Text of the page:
Short answer: No. According to a recent study, infectious yawning has also been observed in dogs and chimpanzees. So, what makes it contagious?
There is no consensus on this issue, as the actual purpose of yawning is still unknown. It is still not known for certain what is achieved with yawning, while it is seen in situations such as fatigue or boredom. But according to one study, the effect of yawning is equivalent to a dose of caffeine.
But why is there contagion? One theory about this is that this contagion refers to a social bond. There is also research to support this. According to these studies, people are more affected by the yawning of acquaintances than strangers; and in infants, infectious yawning occurs around the age of 4 – that is, at the age when social characteristics develop. It has been theorized that the purpose of contagion is to awaken and warn the social group against a danger.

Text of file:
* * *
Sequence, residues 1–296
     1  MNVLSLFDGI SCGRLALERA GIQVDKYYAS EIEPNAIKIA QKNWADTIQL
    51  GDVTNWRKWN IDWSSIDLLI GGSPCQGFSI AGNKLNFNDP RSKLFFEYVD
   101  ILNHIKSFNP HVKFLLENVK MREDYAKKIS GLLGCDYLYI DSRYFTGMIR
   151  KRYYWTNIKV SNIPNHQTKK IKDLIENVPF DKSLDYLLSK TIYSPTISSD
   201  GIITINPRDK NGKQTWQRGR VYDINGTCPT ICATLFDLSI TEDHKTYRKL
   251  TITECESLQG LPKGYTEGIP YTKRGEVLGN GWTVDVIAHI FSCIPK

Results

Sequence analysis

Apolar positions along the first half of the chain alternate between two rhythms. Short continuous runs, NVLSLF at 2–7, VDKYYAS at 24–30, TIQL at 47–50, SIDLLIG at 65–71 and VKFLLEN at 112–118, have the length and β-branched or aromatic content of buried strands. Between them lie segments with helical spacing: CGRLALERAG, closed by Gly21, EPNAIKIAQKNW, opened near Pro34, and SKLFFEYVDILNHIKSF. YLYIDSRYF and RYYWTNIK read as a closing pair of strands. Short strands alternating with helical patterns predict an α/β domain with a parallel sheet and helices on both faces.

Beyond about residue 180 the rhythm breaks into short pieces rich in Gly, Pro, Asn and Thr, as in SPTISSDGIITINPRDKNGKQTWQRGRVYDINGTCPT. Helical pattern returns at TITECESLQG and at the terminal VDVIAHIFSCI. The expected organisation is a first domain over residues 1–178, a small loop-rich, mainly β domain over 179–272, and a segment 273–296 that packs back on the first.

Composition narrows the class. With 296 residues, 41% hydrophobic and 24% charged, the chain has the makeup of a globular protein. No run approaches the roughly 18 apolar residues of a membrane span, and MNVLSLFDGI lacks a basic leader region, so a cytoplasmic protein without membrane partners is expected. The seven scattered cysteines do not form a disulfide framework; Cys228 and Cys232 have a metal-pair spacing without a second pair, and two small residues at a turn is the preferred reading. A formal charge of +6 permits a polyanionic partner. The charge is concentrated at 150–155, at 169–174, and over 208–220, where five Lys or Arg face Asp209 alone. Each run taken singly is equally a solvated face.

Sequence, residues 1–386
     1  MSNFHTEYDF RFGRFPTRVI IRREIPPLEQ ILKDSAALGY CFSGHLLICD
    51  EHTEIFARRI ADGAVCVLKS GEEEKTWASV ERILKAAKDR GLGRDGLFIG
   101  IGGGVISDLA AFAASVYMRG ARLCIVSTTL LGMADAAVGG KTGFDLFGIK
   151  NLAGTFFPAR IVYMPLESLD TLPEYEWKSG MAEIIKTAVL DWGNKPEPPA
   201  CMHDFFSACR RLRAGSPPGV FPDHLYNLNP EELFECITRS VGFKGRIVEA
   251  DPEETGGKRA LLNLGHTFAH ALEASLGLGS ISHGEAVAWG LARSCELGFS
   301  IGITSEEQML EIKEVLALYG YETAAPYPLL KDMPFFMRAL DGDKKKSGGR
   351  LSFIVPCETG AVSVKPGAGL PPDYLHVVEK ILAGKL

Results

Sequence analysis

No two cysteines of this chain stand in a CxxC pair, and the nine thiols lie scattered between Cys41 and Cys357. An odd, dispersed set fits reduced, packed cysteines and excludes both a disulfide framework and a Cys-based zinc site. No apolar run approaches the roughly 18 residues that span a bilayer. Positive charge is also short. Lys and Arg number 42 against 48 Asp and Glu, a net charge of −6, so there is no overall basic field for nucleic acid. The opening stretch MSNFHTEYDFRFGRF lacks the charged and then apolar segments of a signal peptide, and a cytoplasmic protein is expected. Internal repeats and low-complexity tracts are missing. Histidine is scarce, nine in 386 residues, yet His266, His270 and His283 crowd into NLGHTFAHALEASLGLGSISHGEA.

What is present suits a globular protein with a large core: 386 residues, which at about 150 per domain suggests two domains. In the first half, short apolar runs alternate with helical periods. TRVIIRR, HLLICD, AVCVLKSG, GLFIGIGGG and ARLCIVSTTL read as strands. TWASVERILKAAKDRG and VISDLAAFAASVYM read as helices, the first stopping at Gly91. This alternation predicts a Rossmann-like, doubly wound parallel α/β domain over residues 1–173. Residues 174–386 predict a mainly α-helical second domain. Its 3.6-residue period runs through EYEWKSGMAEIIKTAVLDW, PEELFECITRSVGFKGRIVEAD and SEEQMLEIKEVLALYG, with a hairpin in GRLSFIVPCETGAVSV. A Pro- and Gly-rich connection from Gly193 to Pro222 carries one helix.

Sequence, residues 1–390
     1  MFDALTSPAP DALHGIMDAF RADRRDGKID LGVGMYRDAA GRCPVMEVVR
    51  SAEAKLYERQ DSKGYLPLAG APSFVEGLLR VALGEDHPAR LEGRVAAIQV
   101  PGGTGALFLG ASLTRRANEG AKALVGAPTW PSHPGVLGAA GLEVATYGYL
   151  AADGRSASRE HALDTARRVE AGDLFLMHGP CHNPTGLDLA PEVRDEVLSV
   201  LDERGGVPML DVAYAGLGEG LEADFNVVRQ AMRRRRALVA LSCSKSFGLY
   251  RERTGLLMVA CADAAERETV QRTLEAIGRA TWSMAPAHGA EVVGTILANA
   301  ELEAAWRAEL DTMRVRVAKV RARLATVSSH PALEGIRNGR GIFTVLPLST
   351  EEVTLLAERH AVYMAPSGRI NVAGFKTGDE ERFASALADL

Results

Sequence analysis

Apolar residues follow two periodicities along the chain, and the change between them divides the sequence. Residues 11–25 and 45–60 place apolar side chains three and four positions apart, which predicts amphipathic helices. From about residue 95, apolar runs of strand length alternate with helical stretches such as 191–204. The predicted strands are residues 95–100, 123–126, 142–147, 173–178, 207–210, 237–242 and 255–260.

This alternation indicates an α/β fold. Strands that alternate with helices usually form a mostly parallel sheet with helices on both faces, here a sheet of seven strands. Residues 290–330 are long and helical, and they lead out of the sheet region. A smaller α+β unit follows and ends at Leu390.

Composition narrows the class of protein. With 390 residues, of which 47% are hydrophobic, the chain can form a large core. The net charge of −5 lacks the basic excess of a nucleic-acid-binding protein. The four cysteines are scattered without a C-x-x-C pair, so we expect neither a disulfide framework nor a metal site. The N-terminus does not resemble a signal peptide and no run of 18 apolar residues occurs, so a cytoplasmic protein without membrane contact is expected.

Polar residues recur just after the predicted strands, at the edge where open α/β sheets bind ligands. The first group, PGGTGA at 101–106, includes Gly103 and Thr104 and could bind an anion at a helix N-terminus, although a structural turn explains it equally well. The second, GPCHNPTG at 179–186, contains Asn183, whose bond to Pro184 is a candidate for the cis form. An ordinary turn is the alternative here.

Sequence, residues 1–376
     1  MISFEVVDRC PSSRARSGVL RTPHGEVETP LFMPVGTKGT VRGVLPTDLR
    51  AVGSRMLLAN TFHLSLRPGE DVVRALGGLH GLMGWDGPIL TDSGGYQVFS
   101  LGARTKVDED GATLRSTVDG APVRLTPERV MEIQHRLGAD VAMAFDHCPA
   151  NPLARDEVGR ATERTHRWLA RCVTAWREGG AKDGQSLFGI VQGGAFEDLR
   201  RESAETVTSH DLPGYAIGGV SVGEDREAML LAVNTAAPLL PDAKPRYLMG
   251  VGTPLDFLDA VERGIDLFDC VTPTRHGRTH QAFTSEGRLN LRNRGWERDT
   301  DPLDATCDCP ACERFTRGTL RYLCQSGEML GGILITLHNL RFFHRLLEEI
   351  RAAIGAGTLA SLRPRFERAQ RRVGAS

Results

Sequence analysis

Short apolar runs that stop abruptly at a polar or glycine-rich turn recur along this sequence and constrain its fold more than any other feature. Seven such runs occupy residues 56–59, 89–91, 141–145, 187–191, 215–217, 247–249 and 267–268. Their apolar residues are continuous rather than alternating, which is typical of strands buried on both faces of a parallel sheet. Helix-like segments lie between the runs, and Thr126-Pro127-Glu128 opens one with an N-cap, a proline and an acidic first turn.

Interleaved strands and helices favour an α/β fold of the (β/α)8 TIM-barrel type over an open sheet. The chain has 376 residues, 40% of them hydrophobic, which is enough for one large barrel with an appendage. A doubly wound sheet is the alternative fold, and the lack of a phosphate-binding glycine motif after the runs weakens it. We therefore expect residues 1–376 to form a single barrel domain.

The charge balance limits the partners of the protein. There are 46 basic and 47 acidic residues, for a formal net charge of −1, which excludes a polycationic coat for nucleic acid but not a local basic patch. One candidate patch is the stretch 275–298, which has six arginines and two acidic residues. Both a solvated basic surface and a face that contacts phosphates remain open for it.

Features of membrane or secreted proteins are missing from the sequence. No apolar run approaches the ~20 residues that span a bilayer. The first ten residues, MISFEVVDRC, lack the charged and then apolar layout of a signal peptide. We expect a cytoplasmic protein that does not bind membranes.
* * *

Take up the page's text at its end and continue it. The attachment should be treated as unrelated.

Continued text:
Back to dogs and chimpanzees. Yawning transmission from acquaintances has also been seen in chimpanzees, and an interesting event in dogs has been yawning transmission from humans. In the study, 21 of 29 dogs exposed to human yawning yawned.